Jules-Joseph Lefebvre (1836 - 1911)
[Jules Joseph Lefebvre]
France points with pride to Jules-Joseph Lefebvre
as one of the foremost of her great figure painters, in many points the rival of Boughuereau, and in depth of
sentiment and feeling undoubtedly his superior. Lefebvre was born in the Seineet-Marne, at Tournan, in 1836. At the age of sixteen
he arrived in Paris, bearing a letter of recommendation from Monsignor Salinis, Bishop
of Amiens, to Paulin Guerin, the professor of drawing at the Juilly school. Guerin introduced him to
Leon Cogniet, who received him into his studio, where he commence to study.
His only means of support was a pension granted him by the city of Amiens, of 1,000 francs per
annum for five years. He hoped, before this term expired, to win
the Prix de Rome, but was doomed to disappointmentThree times he competed for the prize and lost it.
At the end of 1859 his pension expired, but he managed to sell a few pictures and paint some portraits.
In 1860 he went up for the Roman prize once more, won it, and in 1861 set out for the Villa Medici,
the headquarters of the French art school in the Eternal City. He received a Fist Medal at the
Salon of 1865, others in 1868 and 1870, and the cross of the Legion of Honor in the later year.
For his exhibits at the Universal Exposition of 1878 he received
a Grand Medal and was made an Officer of the Legion of Honor.
The following year, at the Salon, appeared his "Diana Surprised at the Bath."
Jules Lefebvre whose biography has already been given, presents in "Antique Poetry" a young girl who in a poetic competition has won the coveted wreath of honor. In the simple or antique times it was a wreath of fresh laurel. Later it became a wreath of silver in imitation of laurel. It is such a wreath that the figure in the picture means. The practice was continued into medieval times, especially in Italy and France, long after Christianity had spread over Europe and Paganism had completely disappeared from the civilized portions of the world.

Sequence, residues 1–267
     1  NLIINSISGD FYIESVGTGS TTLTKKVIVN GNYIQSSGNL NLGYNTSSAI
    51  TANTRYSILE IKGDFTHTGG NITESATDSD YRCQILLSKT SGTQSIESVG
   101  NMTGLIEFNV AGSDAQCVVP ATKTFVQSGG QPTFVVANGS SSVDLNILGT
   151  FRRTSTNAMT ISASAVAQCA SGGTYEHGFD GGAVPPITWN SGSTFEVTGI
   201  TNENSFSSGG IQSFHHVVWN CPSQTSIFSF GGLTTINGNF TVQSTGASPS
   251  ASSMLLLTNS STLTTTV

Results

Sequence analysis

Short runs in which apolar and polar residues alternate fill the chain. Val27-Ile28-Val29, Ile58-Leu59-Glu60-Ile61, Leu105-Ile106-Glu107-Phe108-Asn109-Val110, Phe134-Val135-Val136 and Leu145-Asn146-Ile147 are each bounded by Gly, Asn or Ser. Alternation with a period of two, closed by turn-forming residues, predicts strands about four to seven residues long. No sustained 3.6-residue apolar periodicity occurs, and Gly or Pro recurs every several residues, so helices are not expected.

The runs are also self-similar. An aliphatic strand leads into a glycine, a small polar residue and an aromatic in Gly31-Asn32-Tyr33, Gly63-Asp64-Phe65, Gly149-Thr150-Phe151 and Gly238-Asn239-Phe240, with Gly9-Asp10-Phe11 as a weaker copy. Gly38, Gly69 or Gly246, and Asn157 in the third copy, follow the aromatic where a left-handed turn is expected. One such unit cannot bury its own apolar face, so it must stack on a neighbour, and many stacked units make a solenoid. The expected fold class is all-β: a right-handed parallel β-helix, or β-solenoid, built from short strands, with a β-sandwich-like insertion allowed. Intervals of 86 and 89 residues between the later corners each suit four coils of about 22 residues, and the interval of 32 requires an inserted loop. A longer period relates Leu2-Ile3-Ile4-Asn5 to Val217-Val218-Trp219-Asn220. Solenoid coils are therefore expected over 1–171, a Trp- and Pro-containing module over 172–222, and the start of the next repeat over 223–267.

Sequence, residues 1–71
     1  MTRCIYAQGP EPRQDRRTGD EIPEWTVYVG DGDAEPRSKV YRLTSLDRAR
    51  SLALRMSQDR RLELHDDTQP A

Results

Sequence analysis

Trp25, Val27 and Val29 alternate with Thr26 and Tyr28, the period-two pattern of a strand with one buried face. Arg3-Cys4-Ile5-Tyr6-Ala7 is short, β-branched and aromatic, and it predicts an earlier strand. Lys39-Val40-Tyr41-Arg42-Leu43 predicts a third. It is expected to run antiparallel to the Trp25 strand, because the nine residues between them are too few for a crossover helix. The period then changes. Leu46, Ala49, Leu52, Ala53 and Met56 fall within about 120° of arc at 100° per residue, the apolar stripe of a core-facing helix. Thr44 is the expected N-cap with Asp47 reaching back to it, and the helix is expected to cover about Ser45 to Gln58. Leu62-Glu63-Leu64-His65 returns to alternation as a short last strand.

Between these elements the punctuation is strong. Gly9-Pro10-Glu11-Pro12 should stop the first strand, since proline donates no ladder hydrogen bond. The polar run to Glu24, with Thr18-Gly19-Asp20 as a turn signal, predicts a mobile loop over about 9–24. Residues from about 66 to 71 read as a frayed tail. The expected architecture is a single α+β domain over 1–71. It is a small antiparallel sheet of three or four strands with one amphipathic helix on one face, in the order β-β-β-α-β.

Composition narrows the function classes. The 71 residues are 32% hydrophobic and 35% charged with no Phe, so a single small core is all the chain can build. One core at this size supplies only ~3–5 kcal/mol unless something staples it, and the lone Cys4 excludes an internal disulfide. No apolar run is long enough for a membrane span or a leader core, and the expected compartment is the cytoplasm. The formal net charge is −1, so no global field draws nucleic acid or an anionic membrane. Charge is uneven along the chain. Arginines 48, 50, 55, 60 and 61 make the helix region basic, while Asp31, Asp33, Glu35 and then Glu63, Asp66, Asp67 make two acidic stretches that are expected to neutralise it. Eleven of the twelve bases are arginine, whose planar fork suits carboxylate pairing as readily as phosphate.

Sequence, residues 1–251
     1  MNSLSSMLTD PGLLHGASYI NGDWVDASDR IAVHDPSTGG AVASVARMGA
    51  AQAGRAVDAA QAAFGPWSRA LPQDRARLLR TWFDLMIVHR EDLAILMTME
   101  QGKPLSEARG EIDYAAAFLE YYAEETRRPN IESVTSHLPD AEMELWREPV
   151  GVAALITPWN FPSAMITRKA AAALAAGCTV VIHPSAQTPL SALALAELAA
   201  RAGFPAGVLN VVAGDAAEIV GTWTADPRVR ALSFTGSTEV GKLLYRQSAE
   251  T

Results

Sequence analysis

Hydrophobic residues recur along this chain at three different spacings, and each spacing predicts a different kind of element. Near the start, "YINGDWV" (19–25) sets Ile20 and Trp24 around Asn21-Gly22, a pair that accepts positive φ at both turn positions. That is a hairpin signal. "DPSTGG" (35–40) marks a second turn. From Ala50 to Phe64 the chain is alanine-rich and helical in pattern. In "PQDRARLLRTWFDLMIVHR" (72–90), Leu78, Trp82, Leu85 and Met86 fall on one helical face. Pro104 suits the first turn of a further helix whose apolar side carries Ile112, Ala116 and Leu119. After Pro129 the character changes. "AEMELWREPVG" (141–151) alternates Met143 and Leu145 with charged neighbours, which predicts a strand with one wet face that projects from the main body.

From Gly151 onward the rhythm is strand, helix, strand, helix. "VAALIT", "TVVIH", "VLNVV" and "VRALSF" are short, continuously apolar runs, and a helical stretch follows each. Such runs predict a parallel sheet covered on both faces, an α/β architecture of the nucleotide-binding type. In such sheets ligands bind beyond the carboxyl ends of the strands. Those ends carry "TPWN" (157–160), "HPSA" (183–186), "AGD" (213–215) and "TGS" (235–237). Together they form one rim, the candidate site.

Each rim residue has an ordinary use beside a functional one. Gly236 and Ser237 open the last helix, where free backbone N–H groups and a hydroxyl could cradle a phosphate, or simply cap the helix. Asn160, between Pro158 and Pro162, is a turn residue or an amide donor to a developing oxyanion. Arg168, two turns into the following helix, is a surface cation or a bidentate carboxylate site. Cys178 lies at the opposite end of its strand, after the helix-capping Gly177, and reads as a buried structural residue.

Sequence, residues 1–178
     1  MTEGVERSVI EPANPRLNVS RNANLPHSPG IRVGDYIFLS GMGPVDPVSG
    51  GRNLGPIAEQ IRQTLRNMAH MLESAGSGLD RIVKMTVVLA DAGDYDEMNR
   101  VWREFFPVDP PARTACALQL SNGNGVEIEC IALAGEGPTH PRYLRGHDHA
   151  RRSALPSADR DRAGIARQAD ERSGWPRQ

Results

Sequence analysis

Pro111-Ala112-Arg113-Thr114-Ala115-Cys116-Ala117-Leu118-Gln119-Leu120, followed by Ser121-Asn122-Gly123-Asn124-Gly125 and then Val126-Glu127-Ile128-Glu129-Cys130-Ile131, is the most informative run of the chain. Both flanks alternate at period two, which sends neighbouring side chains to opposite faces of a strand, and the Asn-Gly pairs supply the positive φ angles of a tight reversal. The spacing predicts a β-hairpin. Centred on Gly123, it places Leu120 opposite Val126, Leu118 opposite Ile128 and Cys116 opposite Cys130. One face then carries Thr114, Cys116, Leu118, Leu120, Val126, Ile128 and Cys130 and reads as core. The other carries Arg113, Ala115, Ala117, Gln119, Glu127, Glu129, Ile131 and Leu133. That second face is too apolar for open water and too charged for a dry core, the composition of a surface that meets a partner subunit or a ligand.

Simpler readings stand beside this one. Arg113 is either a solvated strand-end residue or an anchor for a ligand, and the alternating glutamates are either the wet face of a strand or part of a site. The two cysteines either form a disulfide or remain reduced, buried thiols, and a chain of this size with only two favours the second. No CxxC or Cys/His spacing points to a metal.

Jules Lefebvre represents in "Salome," the daughter of Herodias, an essentially Semitic type of the antique period, with the sensuous and souless beauty of the tigress rather than the woman, bearing the charger which is to receive the head of John the Baptist, and the sword which is to decapitate him, as indifferently as if it were a dish of fruit.
[Cyclopedia of Painters and Paintings:
LEFEBVRE, JULES JOSEPH, born at Tournan, March 14,1834. Genre and portrait painter, pupil of Leon Cogniet; won grand prix de Rome in 1861 for his Death of Priam. Medals: 1865, 1868, 1870; 1st class, 1878 ; L. of Honour, 1870 ; Officer, 1878. Works : Death of Priam, Christmas Eve (1861) ; Roman Charity (1864), Melun Museum
Pilgrimage to Sacro Speco (1865), Benedictine
Church at Subiaco ; Girl Asleep (
1865) ; Nymph and Bacchus (1866), Luxembourg
Museum ; Pius IX. at St. Peter's (
1867) ; Woman Eeclining (1868), Alexandre
Dumas ; Pascuccia (1869) ; Truth (1870),
Luxembourg Museum ; La Cigale (1872) ;
Portrait of Prince Imperial (1874) ; Slave
carrying Fruits on a Tray (1874), Ghent Museum ;
A Dream, Chloc (1875) ; Mary Magdalen (
1876) ; Girl Laughing (1876), Amiens
Museum ; ChloŽ, Young Bride (1878) ; Diana
Surprised (1879) ; La Fiammetta, Undine (
1881); The Betrothed (1882); Psyche (
1883) : Aurora (1884) ; Laura (1885) ; Mi-
rjnon, La Cigale, The Dew (La Rosťe), Wm.
Astor, New York ; Mignon, W. H. Vander-
bilt, ib. ; Graziella, Miss C. L. Wolfe, ib. ;
Virginia, J. J. Astor, ib. ; Sposa da Torrente,
?. Vanderbilt, ib. ; Fruit Girl, M. Graham,
ib. ; Truth, S. A. Coale, St. Louis ; Morning
Glory, La Cigale, D. Catliu, ib. ; Evening, J. A.
Scudder, ib.óBellier, i. 966; Montrosier,
iL ; Gaz. des ?. Arts (1869), i. 504 ; Clare-
tie, Peintres (1884), ii. 345 ; Art Journal (
1883), 148. ]
Previous Artist Next Artist